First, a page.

United Nations peacekeepers prepared to leave the border between
Ethiopia and Eritrea, with the mission's mandate set to expire at
midnight. As Derek Kilner reports from VOA's East Africa bureau in
Nairobi, the governments of both Eritrea and Ethiopia played down the
threat of renewed conflict in the wake of the mission's departure, and
blamed one another for the continued failure to resolve the border
On Wednesday, the U.N. Security Council voted
unanimously to end the peacekeeping mission, known as UNMEE, which has
monitored a buffer zone along the disputed border between Ethiopia and
Eritrea for the past eight years.
On Thursday, Bereket Simon, an
advisor to Ethiopia's prime minister, said Ethiopia would continue to
search for a solution to the dispute, but put the blame for the
mission's departure squarely on the government of Eritrea.
mission was not able to function because of the obstacles created by
the Eritrean government. The Eritrean government has trespassed the
agreement and entered into the Temporary Security Zone. It has created
all sorts of obstacles. Freedom of movement was curtailed by the
Eritrean government so UNMEE was not in a position to do the rounds to
observe the situation, so it was impossible for them to continue," he
Earlier this year, the Eritrean government cut off fuel
supplies for U.N. peacekeepers, causing the bulk of the mission's
presence in the Eritrean side to leave the country. The U.N. had explored
the possibility of a scaled-down force to replace UNMEE, but a
statement from Secretary-General Ban Ki-Moon said that option had been
rejected by both sides.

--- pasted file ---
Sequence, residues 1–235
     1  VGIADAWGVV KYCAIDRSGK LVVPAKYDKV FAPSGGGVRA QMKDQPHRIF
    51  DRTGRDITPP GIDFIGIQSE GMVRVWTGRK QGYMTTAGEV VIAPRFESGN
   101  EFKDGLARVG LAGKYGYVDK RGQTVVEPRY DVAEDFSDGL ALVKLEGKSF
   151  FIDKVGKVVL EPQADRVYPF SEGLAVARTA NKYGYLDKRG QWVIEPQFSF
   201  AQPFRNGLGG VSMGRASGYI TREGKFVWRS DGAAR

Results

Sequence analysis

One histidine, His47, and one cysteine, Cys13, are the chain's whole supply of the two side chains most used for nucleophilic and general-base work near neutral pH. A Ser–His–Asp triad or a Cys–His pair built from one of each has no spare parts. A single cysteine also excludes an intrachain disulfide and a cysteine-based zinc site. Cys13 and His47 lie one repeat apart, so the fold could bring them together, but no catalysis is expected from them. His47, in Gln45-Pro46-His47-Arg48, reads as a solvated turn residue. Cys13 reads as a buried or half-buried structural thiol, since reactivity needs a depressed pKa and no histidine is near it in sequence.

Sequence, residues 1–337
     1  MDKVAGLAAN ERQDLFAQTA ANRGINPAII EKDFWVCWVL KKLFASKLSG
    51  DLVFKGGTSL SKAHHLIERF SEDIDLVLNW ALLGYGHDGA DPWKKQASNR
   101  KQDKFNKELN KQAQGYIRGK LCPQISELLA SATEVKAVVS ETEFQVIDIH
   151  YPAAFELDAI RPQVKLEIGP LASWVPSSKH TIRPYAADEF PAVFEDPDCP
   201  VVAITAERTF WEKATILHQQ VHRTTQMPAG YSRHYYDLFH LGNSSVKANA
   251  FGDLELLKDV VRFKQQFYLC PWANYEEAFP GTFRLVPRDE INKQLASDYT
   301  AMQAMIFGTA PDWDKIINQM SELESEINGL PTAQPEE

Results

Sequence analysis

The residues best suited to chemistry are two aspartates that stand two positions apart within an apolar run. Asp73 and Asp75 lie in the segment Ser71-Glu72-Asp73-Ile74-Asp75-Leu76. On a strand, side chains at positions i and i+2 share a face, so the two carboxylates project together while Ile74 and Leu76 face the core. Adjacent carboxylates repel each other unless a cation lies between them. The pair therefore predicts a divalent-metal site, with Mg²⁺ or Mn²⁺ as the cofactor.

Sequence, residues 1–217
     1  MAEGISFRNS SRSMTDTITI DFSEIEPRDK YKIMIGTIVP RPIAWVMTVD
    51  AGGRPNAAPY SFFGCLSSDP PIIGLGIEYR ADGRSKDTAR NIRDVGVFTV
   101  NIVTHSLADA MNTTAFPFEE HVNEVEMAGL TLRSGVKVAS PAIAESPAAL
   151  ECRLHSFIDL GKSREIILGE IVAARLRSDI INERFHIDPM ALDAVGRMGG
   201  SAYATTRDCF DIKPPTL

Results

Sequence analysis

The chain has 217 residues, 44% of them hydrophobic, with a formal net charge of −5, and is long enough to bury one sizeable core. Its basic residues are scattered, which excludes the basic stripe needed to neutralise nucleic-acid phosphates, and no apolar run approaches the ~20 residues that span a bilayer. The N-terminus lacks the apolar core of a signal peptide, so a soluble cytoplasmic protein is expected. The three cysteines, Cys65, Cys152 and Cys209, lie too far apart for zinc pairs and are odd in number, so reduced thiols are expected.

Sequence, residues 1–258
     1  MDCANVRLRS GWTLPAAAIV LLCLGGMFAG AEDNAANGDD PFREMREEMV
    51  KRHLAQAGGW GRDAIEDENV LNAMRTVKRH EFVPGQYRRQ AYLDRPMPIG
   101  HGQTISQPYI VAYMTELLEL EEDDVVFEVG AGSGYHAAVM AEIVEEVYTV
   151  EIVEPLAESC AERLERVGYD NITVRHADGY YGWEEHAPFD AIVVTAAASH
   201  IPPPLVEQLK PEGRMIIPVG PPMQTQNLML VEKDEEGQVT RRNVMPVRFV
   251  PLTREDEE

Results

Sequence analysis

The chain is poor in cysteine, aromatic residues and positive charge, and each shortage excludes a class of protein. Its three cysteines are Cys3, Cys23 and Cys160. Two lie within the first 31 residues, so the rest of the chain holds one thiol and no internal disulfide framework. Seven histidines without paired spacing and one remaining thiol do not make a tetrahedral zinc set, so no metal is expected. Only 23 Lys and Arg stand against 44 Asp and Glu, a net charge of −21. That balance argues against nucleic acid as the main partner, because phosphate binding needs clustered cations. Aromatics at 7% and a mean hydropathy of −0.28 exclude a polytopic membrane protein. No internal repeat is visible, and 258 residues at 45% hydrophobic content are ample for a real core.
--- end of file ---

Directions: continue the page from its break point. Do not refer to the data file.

Eritrean presidential spokesman Yemane
Gebremeskel on Tuesday reiterated his government's position that there
has already been a legal ruling on the border and that the UN mission,
having failed to enforce the decision, serves no purpose.
peacekeepers are there or not, it has no impact. Nothing has changed.
At the end of the day, UNMEE's presence was simply nominal to create
the conditions for the implementation of the agreement. But that has
not taken place for the last eight years simply because the Security
Council has failed to act on the decision of the commission. And
that's because the Americans have been blocking implementation of the
decision," he said.
Following the 2000 Algiers Agreement that
ended the two-year border war between the two countries, a boundary
commission gave much of the disputed territory, including the town of
Badme, to Eritrea. But Eritrea's increasingly antagonistic posture has
lost the country much of its international sympathy.
governments have minimized the possibility that the U.N.'s departure
will invite a return to conflict. But many observers are less
optimistic, warning that that the removal of peacekeepers removes one
of the few remaining buffers between the thousands of troops amassed by
each side along the border.